As a state representative, I have often been forced to make difficult decisions about proposed legislation. House Bill 6, the much-publicized and controversial Ohio Clean Air Program that bails out two nuclear power plants, falls into that category. But amid the television ads, mailers and phone calls on both sides of the debate, it was my job to determine the best option for our district and vote, knowing that half my constituents would be happy with my decision and the other half discontented.
Almost 30 percent of the about 700 permanent jobs at the Perry Plant are held by residents of Ashtabula County. We were hit hard with job losses from the Great Recession, and these positions are well-paying, include benefits and provide a great economic boost to our county that would be hard to replace. With routine maintenance and refueling, the Perry and Davis-Besse plants are responsible for more than 4,000 jobs.
These two power plants alone contribute more than $30 million annually in state and local taxes. In the House Finance Subcommittee on K-12 Education, we heard testimony from the Perry and the Benton-Carroll-Salem school districts who directly benefit from the plants. Similar to those districts, which have lost property tax revenue from the closure of coal-fired power plants, these school districts would face difficult economic times if the nuclear plants were to close.
However, after almost a decade of moving toward more sustainable sources of electricity, only 2 percent of Ohio’s electricity comes from wind and solar, compared with 34 percent from natural gas, 47 percent from coal and 15 percent from nuclear. As coal becomes less prevalent and more natural gas facilities are built, it remains a concern of mine that Ohio’s energy portfolio is not as balanced as it should be.
HB 6 also eliminated Ohio’s renewable portfolio standard (RPS) and energy efficiency standards (EEF). This is a step backwards — a black-eye for Ohio and a deep concern for all of us who care about the environment our children and grandchildren will inherit.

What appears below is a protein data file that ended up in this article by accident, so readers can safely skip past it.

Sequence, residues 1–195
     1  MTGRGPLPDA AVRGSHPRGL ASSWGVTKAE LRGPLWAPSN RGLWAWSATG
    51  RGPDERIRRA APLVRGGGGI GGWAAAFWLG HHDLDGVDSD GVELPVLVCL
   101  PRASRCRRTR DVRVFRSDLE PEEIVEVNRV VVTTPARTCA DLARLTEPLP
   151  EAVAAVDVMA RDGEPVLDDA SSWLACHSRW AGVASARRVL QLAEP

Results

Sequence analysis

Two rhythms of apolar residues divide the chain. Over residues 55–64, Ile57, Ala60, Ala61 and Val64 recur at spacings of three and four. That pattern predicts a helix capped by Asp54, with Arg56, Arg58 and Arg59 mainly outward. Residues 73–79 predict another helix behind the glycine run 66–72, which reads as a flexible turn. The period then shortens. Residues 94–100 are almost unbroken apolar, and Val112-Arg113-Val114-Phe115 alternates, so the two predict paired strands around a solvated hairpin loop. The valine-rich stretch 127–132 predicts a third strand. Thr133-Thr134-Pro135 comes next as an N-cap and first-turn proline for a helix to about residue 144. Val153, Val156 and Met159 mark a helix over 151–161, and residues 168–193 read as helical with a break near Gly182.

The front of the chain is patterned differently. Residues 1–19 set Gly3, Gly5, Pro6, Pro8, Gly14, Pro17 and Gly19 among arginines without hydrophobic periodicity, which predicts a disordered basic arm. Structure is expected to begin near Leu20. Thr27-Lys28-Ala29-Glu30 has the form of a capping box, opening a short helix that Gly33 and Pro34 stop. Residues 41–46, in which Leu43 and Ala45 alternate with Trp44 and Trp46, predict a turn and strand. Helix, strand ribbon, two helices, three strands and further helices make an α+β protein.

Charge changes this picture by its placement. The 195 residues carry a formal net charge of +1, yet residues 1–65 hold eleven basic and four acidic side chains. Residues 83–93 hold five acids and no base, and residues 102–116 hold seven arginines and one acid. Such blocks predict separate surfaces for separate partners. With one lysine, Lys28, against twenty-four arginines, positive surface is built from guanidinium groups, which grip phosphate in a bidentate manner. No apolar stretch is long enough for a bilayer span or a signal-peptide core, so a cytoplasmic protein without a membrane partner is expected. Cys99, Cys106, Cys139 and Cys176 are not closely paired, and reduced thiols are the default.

Over 100,000 Ohioans work in the clean energy sector, putting us eighth in the country and third in the region for clean energy jobs. We must continue to invest in those emerging industries and the good-paying jobs of the future.
HB 6 is also a corporate bailout — yet the state did little to intercede financially when the GM Lordstown plant needed our assistance. Why should FirstEnergy be any different?
Still, closing the Perry plant would result in a substantial loss of jobs in the district, millions in state and local taxes and an imbalance in Ohio’s energy portfolio — a concern that holds not only economic implications, but security ones as well. Without a diverse energy portfolio, we are more vulnerable to market swings and potential disruptions of service.
Though I don’t like bailouts, remain committed to clean energy job growth and am deeply concerned about the future of our environment, energy production is absolutely vital to grow our economy and move us forward. That’s why, ultimately, I voted “yes” on HB 6. Job growth is moving in the right direction, and I hope that we can have discussions about reinstating RPS and EES in the coming weeks and months.
John Patterson: is a Jefferson Democrat who represents Ohio’s 99th House district.